130 YearS LATER DNA ReVEALS THAT HIGH-RANKING VIKING WARRIOR WAs ACTUALLY A WOMAN For more than a century archaeologists had assumed the remains of a high-ranking Viking warrior discovered in Birka Sweden belonged to a man Now researchers have used DNA testing to confirm that the warrior who had been buried with military honors was actually a woman The study by a team at Stockholm University which was published on Friday in the American Journal of Physical Anthropology confirms that women held high roles in the Viking military and demonstrates the impact that sexist preconceptions can have in scientific research As the authors observe since the grave site was first excavated in the 1880s researchers never considered that the warrior might not be a man “This image of the male warrior in a patriarchal society was reinforced by research traditions and contemporary preconceptions Hence the biological sex of the individual was taken for granted” Charlotte Hedenstierna-Jonson an archaeologist at Uppsala University described the grave site which contained all of the trappings of a high-ranking Viking officer “Aside from the complete warrior equipment buried along with her – a sword an axe a spear armor-piercing arrows a battle knife shields and two horses – she had a board game in her lap or more of a war-planning game used to try out battle tactics and strategies which indicates she was a powerful military leader She’s most likely planned led and taken part in battles The researchers added that these new findings provide a new understanding of the Viking society the social constructions and also norms in the Viking Age The researchers also note that archaeologists and historians'’ attitudes towards the sex of the remains reveal a lot about our own culture “As long as the sex is male the weaponry in the grave not only belong to the interred but also reflects his status as warrior whereas a female sex has raised doubts” they write “This type of reasoning takes away the agency of the buried female The results call for caution against generalizations regarding social orders in past societies They further hope that the confirmation that there were high-ranking female warriors in Viking society will encourage more research using modern techniques aimed at creating a more accurate picture of historic cultures “This study shows how the combination of ancient genomics isotope analyses and archaeology can contribute to the rewriting of our understanding of social organization concerning gender mobility and occupation patterns in past societies” To read more about this new discovery in Smithsonian visit httpbitly2f0BHDB For books for children and teens about sword-wielding women check out our blog post 16 Books Starring Sword-Wielding Girls and Women at httpswwwamightygirlcomblog?p=9960 For a few of our favorite books about sword-loving Mighty Girls we recommend the picture book Brave Margaret An Irish Adventure for ages 5 to 9 httpswwwamightygirlcombrave-margaret the award-winning The Blue Sword for ages 9 and up httpswwwamightygirlcomthe-blue-sword the fantasy classic Alanna The First Adventure for ages 11 and up httpswwwamightygirlcomalanna-the-first-adventure and the graphic novel Delilah Dirk and the Turkish Lieutenant for ages 13 and up httpswwwamightygirlcomdelilah-dirk And for books about women's diverse role in history from ancient times to the modern world visit our History & Biography section at httpswwwamightygirlcombookshistory-biography Meme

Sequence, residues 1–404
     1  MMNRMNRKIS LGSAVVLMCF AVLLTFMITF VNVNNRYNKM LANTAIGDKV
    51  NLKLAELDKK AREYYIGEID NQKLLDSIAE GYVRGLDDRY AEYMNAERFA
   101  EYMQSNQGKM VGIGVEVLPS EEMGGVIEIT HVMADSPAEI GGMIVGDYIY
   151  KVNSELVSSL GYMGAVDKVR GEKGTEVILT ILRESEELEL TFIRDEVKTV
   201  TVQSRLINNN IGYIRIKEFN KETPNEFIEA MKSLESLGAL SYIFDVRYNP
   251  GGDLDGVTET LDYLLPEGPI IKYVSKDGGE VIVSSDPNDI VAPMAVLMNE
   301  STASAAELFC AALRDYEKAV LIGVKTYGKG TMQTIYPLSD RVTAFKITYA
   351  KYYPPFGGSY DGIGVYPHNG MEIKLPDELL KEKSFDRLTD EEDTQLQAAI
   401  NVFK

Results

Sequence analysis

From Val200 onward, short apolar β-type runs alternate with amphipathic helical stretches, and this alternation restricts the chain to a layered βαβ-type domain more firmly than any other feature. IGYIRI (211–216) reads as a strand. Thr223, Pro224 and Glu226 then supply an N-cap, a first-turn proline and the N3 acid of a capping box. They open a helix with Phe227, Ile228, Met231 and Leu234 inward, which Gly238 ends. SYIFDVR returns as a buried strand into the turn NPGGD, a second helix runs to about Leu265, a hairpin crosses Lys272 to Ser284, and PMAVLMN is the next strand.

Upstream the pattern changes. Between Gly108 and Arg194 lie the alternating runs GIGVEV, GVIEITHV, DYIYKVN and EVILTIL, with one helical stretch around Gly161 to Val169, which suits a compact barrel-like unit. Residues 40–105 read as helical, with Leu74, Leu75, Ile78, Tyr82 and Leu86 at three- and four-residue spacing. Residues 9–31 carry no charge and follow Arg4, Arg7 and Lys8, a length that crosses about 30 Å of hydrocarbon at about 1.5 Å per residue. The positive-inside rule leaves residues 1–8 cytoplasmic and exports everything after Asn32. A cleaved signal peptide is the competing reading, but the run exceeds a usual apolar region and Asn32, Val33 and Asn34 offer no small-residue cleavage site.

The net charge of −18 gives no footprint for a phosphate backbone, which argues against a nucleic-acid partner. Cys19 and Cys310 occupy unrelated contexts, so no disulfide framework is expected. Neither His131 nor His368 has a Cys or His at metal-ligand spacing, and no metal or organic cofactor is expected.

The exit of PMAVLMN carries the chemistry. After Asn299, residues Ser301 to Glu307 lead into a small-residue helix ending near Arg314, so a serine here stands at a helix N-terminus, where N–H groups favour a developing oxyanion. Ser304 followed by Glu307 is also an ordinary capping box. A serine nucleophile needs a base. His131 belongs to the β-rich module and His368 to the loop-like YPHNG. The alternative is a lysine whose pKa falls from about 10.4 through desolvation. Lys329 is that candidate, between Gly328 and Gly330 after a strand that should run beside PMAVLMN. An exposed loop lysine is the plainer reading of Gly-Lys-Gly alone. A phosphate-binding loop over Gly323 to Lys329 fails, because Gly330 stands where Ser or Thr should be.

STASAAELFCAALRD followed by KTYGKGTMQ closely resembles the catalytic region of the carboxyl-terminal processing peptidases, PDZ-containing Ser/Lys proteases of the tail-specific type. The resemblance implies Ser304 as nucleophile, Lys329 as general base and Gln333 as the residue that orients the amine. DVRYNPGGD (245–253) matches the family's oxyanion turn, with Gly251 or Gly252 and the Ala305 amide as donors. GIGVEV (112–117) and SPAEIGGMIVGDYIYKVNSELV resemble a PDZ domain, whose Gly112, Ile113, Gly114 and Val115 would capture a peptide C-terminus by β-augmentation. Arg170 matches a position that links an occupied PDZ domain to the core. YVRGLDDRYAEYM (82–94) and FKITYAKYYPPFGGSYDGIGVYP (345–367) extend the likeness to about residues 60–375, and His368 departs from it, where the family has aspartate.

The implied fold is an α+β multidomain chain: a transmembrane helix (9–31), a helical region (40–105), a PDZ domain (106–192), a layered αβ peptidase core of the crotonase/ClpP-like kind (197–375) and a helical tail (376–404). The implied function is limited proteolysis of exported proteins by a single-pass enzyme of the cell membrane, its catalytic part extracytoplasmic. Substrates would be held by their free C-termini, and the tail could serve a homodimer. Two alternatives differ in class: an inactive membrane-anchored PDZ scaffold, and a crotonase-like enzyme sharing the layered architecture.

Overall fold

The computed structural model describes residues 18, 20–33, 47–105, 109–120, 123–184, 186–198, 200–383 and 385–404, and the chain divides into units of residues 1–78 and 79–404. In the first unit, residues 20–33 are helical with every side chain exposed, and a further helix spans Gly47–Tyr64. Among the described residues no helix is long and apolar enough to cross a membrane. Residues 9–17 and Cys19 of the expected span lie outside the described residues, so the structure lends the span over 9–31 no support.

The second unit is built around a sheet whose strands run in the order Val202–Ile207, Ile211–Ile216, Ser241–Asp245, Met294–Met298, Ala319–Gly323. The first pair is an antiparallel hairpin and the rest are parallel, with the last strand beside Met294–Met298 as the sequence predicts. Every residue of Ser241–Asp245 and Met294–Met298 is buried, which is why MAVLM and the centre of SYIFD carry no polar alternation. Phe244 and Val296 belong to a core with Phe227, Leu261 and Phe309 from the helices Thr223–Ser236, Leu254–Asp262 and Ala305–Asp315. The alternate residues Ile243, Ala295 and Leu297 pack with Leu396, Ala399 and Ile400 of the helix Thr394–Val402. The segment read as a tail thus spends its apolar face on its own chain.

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found @ 2578 likes ON 2017-09-12 19:22:50 BY astrologymemes.com

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